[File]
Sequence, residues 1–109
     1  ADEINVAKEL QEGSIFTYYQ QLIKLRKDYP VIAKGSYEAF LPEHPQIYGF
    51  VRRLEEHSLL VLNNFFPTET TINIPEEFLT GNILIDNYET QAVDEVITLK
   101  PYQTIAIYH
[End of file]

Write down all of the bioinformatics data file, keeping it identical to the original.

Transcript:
Sequence, residues 1–109
     1  ADEINVAKEL QEGSIFTYYQ QLIKLRKDYP VIAKGSYEAF LPEHPQIYGF
    51  VRRLEEHSLL VLNNFFPTET TINIPEEFLT GNILIDNYET QAVDEVITLK
   101  PYQTIAIYH